Happy Thanksgiving everyone. For this post, I want to encourage you with two simple thoughts: You are Blessed and Remember the Vulnerable. One must choose to have this attitude of gratitude because it is our human nature to complain and be envious of others. The last few months – locally and globally – have certainly been like a bad roller coaster ride that leaves one disoriented and vomitaceous. And unless you’re completely detached from the money machine, you’re likely impacted on some personal level and feeling pretty anxious.
So: What are you thankful for?
For me, I’m thankful for the meaningful things in my life: the presence, truth and grace of the Triune God, my family, my wife and three children, my church community, friends, the opportunities I have, and thankful for the gift of choice that enables much privilege in my life. I pray that I can be a good steward of such gifts in my life.
Here are the two thoughts of encouragement:
You are Blessed. Say that to yourself again and again and again. Because we truly are. If you have a roof over your head, enjoyed three meals today, and will sleep in your own bed tonight, you are blessed. Because so many of us are conditioned in this Upward Mobility Mindset where we want more and covet more, we compare our wealth to those who are wealthier which then will subsequently, make you feel poor.
But, here is the simple truth and reality: YOU ARE BLESSED. Especially during this economic downturn, please remember this. If you visit http://globalrichlist.com, you’ll get a sense how “rich” you are in comparison to the larger world.
My annual income as a pastor is $66,000. I don’t consider it to be a large salary. I have, at times, compared my salary to other pastors with larger salaries and coveted more. But when I submit my annual salary on globalrichlist.com, it indicates that I am the 52,816,732 richest person in the world! That puts me in the TOP .88 riches % in the world. Wow. Click on this image to learn how rich you are!
So before you start complaining, whining, and coveting, please count your blessings.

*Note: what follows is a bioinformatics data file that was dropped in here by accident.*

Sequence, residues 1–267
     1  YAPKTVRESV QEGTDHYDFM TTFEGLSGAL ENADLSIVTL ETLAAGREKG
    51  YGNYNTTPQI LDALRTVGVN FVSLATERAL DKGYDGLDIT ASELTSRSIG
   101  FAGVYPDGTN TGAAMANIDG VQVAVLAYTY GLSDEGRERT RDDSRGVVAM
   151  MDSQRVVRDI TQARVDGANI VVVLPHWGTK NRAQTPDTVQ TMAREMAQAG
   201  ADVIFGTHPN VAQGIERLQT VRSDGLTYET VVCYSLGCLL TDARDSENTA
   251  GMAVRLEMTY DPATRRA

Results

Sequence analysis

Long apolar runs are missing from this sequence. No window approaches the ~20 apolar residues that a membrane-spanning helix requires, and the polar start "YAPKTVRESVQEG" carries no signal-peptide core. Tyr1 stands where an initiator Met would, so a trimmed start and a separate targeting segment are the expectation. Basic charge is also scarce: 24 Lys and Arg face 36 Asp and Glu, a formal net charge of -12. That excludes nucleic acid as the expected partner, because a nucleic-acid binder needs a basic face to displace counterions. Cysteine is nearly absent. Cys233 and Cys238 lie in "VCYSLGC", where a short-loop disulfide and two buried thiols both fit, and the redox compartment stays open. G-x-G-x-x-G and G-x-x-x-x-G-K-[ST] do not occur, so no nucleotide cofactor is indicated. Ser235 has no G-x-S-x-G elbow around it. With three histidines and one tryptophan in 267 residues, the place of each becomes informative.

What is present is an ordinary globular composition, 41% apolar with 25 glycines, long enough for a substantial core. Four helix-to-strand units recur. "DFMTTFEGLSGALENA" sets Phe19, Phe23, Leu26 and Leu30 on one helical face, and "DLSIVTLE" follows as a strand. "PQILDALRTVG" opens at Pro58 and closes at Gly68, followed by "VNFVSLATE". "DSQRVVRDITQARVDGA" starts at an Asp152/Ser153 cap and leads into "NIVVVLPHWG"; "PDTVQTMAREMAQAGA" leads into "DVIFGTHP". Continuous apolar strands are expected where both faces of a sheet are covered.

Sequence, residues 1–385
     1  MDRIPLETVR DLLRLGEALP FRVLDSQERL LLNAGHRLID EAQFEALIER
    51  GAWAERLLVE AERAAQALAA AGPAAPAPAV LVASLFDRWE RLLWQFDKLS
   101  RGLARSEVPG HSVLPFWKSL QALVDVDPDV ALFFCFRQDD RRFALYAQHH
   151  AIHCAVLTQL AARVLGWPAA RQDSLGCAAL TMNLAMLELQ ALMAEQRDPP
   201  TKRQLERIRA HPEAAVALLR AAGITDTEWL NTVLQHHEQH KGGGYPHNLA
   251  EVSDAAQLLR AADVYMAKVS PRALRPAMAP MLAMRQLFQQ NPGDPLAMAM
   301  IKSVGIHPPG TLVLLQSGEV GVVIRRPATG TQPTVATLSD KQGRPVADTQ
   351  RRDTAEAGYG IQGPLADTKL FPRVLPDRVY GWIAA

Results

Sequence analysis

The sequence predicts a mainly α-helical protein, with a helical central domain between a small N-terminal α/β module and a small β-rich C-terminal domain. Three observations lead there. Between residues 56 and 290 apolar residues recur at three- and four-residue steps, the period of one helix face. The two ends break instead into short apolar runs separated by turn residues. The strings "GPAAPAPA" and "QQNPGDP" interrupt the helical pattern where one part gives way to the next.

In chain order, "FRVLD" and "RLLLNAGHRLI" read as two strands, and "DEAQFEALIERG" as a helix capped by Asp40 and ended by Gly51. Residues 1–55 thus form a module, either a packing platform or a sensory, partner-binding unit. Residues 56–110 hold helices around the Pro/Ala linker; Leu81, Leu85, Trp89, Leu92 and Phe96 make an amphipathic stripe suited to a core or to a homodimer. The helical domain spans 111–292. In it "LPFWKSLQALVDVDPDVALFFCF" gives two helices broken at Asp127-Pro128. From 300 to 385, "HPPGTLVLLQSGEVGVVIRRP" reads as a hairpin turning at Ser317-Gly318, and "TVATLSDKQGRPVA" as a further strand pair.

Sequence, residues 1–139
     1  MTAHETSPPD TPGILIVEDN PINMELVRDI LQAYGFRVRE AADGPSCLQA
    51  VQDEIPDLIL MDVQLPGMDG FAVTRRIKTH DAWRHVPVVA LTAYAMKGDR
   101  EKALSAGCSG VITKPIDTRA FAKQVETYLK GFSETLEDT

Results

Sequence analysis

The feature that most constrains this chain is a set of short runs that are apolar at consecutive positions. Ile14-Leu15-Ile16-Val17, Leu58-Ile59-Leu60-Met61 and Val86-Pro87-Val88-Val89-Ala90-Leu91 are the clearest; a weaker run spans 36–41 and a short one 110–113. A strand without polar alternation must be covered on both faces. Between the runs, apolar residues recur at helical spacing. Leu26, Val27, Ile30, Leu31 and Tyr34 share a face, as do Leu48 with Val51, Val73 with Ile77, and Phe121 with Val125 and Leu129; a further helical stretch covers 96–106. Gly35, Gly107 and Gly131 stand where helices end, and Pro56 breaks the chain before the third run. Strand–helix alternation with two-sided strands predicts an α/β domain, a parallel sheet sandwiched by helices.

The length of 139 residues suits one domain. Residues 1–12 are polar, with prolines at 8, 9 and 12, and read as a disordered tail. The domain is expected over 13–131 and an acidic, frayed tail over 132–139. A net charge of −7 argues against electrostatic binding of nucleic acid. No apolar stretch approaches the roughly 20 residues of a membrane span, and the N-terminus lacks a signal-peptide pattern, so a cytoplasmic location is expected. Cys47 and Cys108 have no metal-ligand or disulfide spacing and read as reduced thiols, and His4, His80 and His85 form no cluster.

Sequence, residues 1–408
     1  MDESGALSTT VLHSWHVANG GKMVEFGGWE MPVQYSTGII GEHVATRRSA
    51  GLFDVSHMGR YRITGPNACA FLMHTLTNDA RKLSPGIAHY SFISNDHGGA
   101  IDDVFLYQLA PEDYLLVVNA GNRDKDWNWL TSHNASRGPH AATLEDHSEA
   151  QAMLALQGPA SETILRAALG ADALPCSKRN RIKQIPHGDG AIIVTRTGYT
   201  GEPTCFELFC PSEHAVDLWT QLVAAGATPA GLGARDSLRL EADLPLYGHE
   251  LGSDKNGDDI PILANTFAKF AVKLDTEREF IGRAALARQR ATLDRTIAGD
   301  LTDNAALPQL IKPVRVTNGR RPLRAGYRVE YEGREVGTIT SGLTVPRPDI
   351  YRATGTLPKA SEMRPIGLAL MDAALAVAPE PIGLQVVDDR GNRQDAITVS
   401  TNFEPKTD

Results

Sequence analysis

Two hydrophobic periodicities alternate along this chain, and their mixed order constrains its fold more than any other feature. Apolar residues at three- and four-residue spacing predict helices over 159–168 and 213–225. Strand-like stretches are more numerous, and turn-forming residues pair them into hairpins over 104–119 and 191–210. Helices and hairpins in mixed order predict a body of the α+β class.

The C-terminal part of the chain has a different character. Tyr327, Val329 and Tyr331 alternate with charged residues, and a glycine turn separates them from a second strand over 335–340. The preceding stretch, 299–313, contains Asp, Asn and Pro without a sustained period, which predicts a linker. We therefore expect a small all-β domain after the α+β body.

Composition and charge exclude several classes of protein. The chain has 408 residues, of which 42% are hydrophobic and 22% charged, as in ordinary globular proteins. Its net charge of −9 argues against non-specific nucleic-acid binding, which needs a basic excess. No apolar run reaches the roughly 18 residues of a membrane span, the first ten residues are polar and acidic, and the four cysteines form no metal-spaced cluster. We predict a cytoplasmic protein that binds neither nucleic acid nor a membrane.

Remember the Vulnerable. In this real economic crisis, the ones that are most vulnerable are the poorest of the poor – both locally and globally. The global food crisis was having a dramatic impact on the world’s poor even before the current onset of global recession.
Consider these stunning REAL numbers that impact REAL people:
- 1 child dying every 3 seconds
- 18 children dying every minute
- A 2004 Asian Tsunami occurring every week
- An Iraq-scale death toll every 15–36 days
- Almost 10 million children dying every year
- Some 60 million children dying between 2000 and 2006
While we all freak out about the global financial crisis, let’s consider that about 2.7 billion people live on less than $2/day; 1 billion people live on less than $1/day and 1.1 billion people do not have access to clean water.
During an economic recession, people will likely and wisely hunker down and seek to reduce spending in their lives. In my opinion, seeking to reduce our consumerism and learning to live more simpler is a great plus that we can learn during this recession. But, in that pursuit, I want to encourage you NOT to reduce your generosity and giving to the poor. Honor your giving, generosity, compassion, and commitments to various organizations. In fact, I would encourage you to consider GIVING MORE in light of what we all know – giving to the poor and impoverish will be dramatically impacted during this global recession.
Consider the global priorities in spending in 1998. These statistics will tell you that our priorities are skewed.
|Global Priority||$U.S. Billions|
|Cosmetics in the United States||8|
|Ice cream in Europe||11|
|Perfumes in Europe and the United States||12|
|Pet foods in Europe and the United States||17|
|Business entertainment in Japan||35|
|Cigarettes in Europe||50|
|Alcoholic drinks in Europe||105|
|Narcotics drugs in the world||400|
|Military spending in the world||780|
If you’re interested in partnering with us in our global poverty initiative, feel free to donate by clicking the link below. You can view the initiative video and FAQ.
5 Replies to “an attitude of gratitude on thanksgiving”
Like you, I’m thankful for my spouse and children and the opportunity to have so much freedom and safety. I’m heartbroken over what has gone on in India.
my Facebook status: “Dennis is thankful for mom and dad, who kicked my juvenile-immature-headed-for-jail-punk-ass into a person of faith and integrity. i love you omma and appa.”
I am thankful that God provided enough volunteers and food to feed 150 meals to the needy onThanksgiving.